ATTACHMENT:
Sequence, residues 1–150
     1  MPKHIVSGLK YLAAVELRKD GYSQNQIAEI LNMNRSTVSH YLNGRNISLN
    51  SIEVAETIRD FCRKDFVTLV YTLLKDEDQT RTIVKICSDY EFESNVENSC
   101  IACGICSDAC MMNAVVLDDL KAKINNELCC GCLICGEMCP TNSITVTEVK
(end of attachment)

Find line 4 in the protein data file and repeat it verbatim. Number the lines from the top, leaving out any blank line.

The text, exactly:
   101  IACGICSDAC MMNAVVLDDL KAKINNELCC GCLICGEMCP TNSITVTEVK